Source: Teaching and Teacher Education, Volume 96
(Reviewed by the Portal Team)
This case study focused on Susan (all names are pseudonyms), a fourth-grade teacher who was serving as a mentor to Lindsey, a preservice teacher, during a year-long student teaching assignment in a U.S. public school.
In opposition to institutional and authoritative forces that dominated her school context, Susan used an appreciative stance (Johnston, 2004) in both her classroom and in her role as a mentor.
Susan’s model of mentorship included putting Lindsey at ease by creating a space of co-learning that was free of harsh judgment and punitive evaluation.
Susan “just didn’t do” a model of mentorship that focused on fixing another teacher.
Instead, her practices were based in reflection, critical thinking, and community building, as she coached toward innovation rather than coaching for compliance.
The research team all knew Susan prior to the study through university, school district, and community involvement.
Together, the authors began exploring Susan’s thinking and experiences while she participated in a professional development opportunity.
This experience encouraged pedagogical reflection, critical thinking about the socio-political context of educational systems, and extending one’s network of colleagues (Wetzel, Hoffman, & Maloch, 2017).
From their different vantage points, they selected Susan and Lindsey’s holistic case (Yin, 2014) to see “why” and “how” a reflective mentoring model allowed them to build practices together and improve their literacy instruction as responsive educators.
In the current study, the authors asked:
In what ways is Susan’s teacher identity constructed through her mentoring practices and within the context of a professional development program focused on reflective coaching and pedagogy?
And, how did Susan draw on her teacher identity to enact reflective coaching practices and pedagogies as a form of resistance against an existing teacher evaluation model?
The authors’ theoretical framework suggests that learning to teach, coach, and mentor is a process of identity construction facilitated by the learner’s engagement with and appropriation of different models.
The present study expands on three areas of literature: mentoring and coaching, teacher evaluation, and teacher identity, by considering Susan’s identity as she coached a preservice teacher using a reflective model that stands in contrast to her schools’ model of evaluation.
Susan’s case illuminated the way a teacher can make conscious decisions about how she positions herself as a cooperating teacher in the context of the highly evaluative U.S. schooling system.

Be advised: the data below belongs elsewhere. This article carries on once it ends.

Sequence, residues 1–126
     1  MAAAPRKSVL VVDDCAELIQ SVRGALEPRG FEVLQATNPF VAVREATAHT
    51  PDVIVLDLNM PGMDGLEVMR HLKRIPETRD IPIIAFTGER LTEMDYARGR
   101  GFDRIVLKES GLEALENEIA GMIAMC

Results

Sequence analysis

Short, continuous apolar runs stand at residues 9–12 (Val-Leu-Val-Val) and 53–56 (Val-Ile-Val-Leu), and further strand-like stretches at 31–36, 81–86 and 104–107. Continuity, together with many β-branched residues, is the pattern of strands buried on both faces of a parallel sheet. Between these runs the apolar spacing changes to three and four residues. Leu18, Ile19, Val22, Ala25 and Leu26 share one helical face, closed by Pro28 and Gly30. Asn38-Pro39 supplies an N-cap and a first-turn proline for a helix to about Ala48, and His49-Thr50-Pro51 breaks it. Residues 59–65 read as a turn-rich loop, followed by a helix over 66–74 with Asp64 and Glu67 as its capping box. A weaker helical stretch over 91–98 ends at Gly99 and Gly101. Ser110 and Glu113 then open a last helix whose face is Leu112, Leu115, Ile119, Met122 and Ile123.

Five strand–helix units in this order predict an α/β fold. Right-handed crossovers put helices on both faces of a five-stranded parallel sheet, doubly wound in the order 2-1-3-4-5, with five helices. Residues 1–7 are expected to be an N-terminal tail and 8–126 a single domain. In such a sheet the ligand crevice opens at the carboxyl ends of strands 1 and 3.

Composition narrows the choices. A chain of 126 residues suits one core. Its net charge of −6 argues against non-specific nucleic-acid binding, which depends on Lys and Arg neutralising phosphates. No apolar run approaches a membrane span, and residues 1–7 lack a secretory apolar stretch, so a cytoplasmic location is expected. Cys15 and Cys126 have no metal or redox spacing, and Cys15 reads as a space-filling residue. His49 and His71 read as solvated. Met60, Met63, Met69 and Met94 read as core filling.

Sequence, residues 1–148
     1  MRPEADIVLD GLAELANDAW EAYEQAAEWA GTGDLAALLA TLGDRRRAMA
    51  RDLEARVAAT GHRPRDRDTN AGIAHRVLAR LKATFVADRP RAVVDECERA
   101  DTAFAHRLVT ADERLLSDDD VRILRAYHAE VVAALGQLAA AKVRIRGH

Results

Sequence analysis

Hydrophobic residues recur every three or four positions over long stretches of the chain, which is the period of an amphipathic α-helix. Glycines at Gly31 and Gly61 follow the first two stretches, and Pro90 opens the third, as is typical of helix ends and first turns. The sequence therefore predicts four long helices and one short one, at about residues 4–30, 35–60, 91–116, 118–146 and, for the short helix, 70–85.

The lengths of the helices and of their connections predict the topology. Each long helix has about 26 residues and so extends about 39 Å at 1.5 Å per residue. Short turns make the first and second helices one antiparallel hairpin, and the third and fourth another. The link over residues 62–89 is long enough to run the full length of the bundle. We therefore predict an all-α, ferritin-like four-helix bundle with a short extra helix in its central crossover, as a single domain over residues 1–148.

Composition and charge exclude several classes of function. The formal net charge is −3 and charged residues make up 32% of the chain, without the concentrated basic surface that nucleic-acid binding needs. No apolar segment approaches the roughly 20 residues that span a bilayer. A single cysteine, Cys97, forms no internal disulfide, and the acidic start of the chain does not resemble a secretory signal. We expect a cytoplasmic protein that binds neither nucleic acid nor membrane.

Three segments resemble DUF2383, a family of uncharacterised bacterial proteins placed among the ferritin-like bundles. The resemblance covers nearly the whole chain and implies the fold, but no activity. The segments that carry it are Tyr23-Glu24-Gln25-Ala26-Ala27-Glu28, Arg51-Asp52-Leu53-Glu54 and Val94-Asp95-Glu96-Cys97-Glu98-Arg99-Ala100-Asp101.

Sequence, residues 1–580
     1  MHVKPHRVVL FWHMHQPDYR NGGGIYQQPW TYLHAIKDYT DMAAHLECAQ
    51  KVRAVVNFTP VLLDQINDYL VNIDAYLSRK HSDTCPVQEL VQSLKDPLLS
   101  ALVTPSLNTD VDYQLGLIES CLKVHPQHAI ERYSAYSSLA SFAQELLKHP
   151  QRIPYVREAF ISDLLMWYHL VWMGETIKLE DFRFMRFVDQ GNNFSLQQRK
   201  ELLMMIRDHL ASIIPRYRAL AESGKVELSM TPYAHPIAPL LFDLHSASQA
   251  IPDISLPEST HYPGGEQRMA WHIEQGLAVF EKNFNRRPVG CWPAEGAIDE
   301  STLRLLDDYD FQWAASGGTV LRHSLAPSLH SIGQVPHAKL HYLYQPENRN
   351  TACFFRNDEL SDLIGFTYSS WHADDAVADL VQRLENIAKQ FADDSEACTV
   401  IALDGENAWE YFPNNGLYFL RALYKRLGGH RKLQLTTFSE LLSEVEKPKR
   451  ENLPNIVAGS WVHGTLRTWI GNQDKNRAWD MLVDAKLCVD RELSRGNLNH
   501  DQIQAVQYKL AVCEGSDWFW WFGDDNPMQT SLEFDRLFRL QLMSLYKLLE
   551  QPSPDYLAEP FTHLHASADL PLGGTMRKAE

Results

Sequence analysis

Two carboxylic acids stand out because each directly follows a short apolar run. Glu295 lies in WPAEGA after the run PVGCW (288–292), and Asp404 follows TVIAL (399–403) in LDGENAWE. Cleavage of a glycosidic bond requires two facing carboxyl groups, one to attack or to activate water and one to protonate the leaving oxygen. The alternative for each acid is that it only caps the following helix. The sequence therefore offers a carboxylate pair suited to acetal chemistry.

Methodology and methods
Context: positionality and participants
Susan, a white veteran teacher with seventeen years of experience, was in her fourth year teaching at a small elementary school in Texas.
When the study began, Lindsey had recently been placed by the university in Susan’s classroom for a year-long internship and student teaching.
Lindsey was a white undergraduate student in a generalist EC-6 certification program and was also earning an English as a Second Language (ESL) endorsement.
She spent two full days and taught approximately four formal lessons per week in Susan’s classroom in the fall semester and was present full-time in the spring semester.
The authors consider Susan a master teacher.
Despite her disdain for standardized testing, Susan’s students’ average for passing the state reading assessment was 10% above the district average and equivalent to the state average.
More importantly, Susan was widely recognized by her peers as creating a classroom with a love of literacy through purposeful planning and workshop pedagogy that enables students to engage with rich texts and write for authentic audiences.
Data sources and analysis
The authors used qualitative research methods (Creswell, 2013) to build the case study (Yin, 2014).
Since there was significant interaction between them, their case was bounded in terms of the pair: Susan and Lindsey.
Across the year, Authors 1 and 2 conducted three semi-structured interviews: two with Susan and one with Lindsey.
Between the interviews, all three authors met as a research team to discuss emergent themes and adjusted their interview protocols accordingly.
Additionally, Author 2 conducted three announced classroom observations that occurred while Susan and Lindsey were co-teaching.
Author 3 observed Susan monthly as she participated in ten professional development sessions.
Each session varied in structure, though all involved exploring the conceptual underpinnings of the coaching model (e.g., discussing the value of pre-teaching conferences in which preservice teachers could actively request reflective support in specific areas) as well as practicalities (e.g., how often to hold pre-teaching conferences and for how long).